Book Review: No Enemies No Friends: Restoring Australia’s Global Relevance

Declan Hourd


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With the victory of the Australian Labor Party in the 2022 Australian Federal Election, No Enemies No Friends may have become one of the most useful books to get a sense for the direction of Australia’s foreign policy in the next three years. Author Allan Behm maintained a 30-year career in the APS. During that time he was the Chief of Staff for the minister for climate change in the Rudd-Gillard government and from 2017 to 2019 he was the Senior Adviser to the Shadow Foreign Minister, Penny Wong. The book is structured in two parts, beginning with an unflinching examination of Australia’s present foreign policy, then moving to an exploration of how future policymakers may seek to improve Canberra’s place in the future. Wong was a clear influence on the concluding chapters of No Enemies No Friends and it stands to reason that Behm will have influenced the Foreign Minister’s outlook.


Behm’s analysis is wide reaching, highlighting the peaks and valleys of Canberra’s engagement with its allies, neighbours and rivals. At its best, Australia’s foreign policy focuses on activism and engagement with the international community. At its worst, it is sluggish, disinterested, and too readily relies on the status quo.


No Enemies No Friends is a part of the growing foreign policy literature that is demanding Australia to find a more independent foreign policy to grapple with the challenges of the present. In Behm’s words “Australia is not aggressive enough to have enemies, nor attractive enough to have friends. But it does not have to be that way.” To cure an increasingly middling international presence, No Enemies No Friends calls for imaginative, well funded and multidisciplinary foreign policy to grapple with the many vicious problems that face the world today.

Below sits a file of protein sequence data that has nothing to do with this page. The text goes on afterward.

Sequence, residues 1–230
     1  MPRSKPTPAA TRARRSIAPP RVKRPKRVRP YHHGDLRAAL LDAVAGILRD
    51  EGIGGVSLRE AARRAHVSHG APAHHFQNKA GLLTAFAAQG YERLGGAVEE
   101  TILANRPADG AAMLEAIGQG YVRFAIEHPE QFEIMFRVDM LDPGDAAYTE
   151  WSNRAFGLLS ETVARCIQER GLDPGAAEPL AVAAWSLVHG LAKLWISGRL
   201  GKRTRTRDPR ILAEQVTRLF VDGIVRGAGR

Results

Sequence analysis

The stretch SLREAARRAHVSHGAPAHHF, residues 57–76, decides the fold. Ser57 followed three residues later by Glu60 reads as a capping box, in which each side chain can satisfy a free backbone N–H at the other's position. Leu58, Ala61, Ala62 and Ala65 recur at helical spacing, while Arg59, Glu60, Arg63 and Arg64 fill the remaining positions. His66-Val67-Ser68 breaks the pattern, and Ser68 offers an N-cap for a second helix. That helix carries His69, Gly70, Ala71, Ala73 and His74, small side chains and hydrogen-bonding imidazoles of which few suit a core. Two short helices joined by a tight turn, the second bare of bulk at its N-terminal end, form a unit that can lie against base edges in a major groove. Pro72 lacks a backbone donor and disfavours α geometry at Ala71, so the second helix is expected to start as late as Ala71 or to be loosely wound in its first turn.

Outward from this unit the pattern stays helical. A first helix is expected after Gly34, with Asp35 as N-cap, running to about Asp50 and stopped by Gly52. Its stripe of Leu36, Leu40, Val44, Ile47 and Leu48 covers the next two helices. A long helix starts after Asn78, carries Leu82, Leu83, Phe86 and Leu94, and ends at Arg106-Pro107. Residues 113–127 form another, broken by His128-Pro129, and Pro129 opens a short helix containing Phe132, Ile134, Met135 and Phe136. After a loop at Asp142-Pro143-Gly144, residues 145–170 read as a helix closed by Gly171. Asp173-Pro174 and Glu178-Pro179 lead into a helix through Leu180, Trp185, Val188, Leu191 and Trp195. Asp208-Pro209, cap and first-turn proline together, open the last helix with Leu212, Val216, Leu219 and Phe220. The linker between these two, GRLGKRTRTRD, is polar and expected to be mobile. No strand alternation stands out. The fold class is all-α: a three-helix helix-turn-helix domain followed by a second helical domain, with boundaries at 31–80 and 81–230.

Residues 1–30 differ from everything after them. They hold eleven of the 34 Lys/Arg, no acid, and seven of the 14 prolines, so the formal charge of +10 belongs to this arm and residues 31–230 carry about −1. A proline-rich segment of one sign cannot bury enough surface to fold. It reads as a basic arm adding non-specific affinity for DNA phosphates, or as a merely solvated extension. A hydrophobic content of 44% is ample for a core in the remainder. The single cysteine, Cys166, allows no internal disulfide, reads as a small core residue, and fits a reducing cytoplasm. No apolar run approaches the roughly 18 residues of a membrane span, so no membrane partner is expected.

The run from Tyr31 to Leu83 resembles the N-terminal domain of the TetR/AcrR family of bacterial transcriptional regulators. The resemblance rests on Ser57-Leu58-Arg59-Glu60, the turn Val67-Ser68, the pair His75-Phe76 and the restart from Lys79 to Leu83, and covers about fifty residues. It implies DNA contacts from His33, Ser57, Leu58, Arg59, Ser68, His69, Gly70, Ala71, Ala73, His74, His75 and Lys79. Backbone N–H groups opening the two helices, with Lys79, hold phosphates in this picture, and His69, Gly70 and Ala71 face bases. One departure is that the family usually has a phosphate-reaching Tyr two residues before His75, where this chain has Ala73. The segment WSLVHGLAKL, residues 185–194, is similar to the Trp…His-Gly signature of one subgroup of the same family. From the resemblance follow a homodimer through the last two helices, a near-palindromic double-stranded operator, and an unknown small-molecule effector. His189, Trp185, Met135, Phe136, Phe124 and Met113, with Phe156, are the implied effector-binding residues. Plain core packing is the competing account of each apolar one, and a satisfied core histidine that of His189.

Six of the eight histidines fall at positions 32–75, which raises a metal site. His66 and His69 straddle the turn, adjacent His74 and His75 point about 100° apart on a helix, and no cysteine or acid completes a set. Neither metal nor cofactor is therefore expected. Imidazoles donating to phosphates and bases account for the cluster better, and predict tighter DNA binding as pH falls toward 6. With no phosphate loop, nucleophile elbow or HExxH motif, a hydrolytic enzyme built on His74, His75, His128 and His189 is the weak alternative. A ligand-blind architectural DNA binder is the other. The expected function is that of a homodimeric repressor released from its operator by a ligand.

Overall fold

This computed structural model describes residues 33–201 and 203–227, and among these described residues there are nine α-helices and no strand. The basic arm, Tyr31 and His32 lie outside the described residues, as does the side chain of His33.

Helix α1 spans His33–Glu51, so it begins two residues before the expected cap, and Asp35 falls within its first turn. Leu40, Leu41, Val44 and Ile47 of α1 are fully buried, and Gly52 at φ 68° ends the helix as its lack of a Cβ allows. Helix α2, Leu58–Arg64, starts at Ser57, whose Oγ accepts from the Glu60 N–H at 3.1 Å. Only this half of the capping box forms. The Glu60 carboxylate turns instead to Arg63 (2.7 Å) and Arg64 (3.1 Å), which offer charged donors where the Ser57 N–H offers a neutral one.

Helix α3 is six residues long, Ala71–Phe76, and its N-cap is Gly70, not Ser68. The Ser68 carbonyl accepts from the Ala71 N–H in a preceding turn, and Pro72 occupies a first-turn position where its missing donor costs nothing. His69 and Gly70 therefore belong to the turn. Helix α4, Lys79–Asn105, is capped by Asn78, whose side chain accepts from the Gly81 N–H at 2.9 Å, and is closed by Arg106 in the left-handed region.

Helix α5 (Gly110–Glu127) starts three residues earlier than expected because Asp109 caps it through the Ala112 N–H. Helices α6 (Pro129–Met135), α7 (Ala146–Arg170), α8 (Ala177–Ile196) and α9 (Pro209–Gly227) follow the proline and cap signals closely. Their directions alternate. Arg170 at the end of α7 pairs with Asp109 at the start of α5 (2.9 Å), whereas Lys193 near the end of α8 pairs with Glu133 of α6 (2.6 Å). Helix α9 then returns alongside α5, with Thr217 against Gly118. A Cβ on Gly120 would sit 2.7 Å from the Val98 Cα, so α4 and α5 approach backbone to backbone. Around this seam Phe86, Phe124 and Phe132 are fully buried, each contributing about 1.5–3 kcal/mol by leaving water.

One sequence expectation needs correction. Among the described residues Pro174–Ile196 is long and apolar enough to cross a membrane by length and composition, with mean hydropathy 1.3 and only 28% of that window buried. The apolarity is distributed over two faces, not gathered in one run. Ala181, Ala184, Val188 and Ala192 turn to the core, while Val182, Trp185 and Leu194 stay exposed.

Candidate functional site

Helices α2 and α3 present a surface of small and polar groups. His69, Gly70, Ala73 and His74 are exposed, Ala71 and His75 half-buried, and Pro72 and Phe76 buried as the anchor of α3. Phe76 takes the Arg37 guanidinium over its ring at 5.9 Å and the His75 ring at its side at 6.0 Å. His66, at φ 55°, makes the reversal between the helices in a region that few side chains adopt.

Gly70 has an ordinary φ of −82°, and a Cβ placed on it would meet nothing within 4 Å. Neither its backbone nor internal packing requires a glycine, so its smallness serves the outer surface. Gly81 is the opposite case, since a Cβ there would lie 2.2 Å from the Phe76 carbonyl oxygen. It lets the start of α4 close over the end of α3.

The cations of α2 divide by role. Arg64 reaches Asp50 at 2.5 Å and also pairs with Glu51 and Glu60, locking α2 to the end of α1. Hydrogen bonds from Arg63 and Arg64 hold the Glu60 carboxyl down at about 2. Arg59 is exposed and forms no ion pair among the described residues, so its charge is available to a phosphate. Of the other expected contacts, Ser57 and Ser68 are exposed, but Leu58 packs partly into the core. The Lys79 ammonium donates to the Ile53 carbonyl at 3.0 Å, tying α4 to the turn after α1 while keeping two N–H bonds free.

Herein lies what I think are the most valuable lessons of this book: how do we change our foreign policy? Behm’s solution lies in structural change starting within the domestic sphere and means understanding Australian identity, values and interests. This is an incredibly nuanced discussion that warrants reading the book. Some topics have quite clear connections with this goal like increasing foreign language education, and others are more oblique, such as reconciliation with our Indigenous communities and rearticulating Australian values.


Cleverly written, Behm weaves together current trends and ongoing challenges, and puts it within the context of our regional environment and political peculiarities. No Enemies No Friends is a thought provoking read and attacks the foreign policy status quo. It represents the influences that are acting upon our current cohort of policymakers, and broadly looks to interrogate how the character of Australian policy came to be.


 

Declan Hourd holds a Master of International Relations where he graduated with excellence from UNSW in 2020. He is keenly interested in the geopolitics of the Indo-Pacific. He was a correspondent for the Organisation of World Peace and contributed to its Crisis Index. As Regional Correspondent for Australia, New Zealand, and the Pacific he aims to shine a light on our under discussed near and abroad.


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